Richard Tababi Killed Crossing E-470, Struck By at Least Five Cars

Richard Tababi's vehicle appears to have broken down along E-470, and when he attempted to cross the highway, he was hit again and again. The Colorado State Patrol believes that at least five vehicles struck Tabibi -- and that's only an estimate. Additional details and more below.

See also: Did East Students Chant "Hit Him Again" After Car Crash Hurt Cops at Ferguson Protest?

The CSP pinpoints the location of the incident, which took place at around 7:20 p.m. on Wednesday, December 17, as the southbound lanes of E-470 just north of East Quincy Avenue, an area captured in the following interactive graphic. If you have problems seeing the image, click "View Larger Map."

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According to the CSP, Tababi, a 33-year-old from Fort Collins, was running in a northwesterly direction when he was struck by a southbound 1998 Toyota Tacoma pickup.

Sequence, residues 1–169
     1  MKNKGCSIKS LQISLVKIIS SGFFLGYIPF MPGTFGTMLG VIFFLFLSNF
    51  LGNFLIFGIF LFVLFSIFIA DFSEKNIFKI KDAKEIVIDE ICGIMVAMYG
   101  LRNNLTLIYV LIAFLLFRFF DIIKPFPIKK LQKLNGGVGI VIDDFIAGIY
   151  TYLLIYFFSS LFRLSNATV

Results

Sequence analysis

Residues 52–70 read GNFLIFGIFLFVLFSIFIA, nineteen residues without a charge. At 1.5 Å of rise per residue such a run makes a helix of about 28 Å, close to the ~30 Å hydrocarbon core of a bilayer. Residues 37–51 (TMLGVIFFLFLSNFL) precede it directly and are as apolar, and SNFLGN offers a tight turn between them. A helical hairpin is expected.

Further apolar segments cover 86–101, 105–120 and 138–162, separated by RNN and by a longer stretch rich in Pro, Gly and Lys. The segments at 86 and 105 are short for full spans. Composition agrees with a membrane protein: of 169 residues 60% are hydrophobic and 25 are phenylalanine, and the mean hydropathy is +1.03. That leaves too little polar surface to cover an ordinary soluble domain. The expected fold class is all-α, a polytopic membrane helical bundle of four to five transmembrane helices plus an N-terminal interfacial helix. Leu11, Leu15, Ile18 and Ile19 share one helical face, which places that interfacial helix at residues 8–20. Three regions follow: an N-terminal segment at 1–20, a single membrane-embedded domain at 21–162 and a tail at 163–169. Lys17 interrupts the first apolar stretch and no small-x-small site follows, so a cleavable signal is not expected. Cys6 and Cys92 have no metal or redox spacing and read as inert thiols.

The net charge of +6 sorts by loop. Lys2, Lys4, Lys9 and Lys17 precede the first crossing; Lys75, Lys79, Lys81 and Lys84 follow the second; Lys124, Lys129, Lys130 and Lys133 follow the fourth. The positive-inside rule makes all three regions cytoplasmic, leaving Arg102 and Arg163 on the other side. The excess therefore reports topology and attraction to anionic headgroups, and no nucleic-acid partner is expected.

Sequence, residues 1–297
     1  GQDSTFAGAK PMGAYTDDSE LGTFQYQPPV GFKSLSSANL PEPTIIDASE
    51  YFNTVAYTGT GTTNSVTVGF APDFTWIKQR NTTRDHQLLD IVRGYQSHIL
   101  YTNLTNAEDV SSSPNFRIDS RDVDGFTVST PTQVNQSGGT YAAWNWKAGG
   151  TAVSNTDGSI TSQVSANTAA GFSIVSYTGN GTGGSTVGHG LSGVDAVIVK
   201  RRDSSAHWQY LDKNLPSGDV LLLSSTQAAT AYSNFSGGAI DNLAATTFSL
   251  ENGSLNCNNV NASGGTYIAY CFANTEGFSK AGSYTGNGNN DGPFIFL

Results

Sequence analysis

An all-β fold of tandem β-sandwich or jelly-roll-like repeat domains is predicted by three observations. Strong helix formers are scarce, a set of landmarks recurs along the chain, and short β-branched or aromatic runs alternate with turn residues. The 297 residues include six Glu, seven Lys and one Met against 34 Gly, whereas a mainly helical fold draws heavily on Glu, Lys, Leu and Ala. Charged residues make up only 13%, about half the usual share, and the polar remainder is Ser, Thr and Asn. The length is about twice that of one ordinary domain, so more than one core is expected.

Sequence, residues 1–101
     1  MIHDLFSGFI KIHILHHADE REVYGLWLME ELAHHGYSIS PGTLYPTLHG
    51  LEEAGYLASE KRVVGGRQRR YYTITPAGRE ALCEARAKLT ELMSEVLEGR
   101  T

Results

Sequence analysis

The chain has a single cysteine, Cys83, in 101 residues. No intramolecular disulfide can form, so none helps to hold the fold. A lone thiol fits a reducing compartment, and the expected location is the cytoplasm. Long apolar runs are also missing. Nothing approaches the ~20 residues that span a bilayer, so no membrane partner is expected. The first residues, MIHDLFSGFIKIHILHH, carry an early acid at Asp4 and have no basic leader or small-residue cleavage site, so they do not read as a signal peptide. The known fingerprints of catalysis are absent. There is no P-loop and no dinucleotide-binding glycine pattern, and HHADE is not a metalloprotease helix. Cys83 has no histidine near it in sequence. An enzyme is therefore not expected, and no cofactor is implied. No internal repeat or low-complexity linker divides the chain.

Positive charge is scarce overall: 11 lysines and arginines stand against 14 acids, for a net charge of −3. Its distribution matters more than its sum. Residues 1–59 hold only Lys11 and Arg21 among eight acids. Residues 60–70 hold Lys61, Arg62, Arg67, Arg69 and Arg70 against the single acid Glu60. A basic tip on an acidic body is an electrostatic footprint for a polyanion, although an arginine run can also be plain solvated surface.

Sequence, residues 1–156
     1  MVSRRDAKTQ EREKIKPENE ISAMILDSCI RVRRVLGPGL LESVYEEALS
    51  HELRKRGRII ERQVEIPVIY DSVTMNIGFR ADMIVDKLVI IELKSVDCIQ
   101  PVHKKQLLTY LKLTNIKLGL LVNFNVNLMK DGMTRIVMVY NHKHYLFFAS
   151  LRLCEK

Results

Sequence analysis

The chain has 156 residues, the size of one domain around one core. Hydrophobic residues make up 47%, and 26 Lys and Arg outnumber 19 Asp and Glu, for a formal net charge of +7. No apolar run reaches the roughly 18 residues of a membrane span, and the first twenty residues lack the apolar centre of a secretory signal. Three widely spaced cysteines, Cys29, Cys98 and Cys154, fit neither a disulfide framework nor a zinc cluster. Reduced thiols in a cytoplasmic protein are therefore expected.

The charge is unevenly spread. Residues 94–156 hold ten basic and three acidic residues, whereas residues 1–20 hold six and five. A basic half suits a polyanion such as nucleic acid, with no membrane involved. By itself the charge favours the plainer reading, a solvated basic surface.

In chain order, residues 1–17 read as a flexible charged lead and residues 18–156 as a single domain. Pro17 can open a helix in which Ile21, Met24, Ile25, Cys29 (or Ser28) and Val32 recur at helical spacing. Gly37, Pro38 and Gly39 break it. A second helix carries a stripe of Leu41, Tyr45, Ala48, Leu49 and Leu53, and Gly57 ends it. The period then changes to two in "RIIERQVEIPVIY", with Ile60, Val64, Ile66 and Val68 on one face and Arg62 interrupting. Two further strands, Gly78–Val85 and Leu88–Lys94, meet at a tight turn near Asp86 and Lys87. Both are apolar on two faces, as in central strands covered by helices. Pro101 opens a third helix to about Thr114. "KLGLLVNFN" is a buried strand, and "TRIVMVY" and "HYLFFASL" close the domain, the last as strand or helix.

Tababi was knocked to the ground between the center of the road and the right land, the CSP continues -- where "at least four other vehicles" drove over him. He was pronounced dead at the scene.

Afterward, Tababi's disabled vehicle was found on the shoulder of the highway just north of the crash site.

The Toyota's driver, 27-year-old Anthony Peterson, stayed on the scene, and he's not expected to be charged in the case. After all, Tababi was wearing dark clothing and night had already fallen.

No promises about violations have been made about the other drivers, but it's entirely possible some, if not all, of them had no idea the bump they felt was a person. If you think you might have hit something, or if you have any other information, you're encouraged to contact the CSP at 303-239-4501.

In the meantime, our condolences to the friends, family and loved ones of Richard Tababi.

Send your story tips to the author, Michael Roberts.

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Michael Roberts has written for Westword since October 1990, serving stints as music editor and media columnist. He currently covers everything from breaking news and politics to sports and stories that defy categorization.
Contact: Michael Roberts

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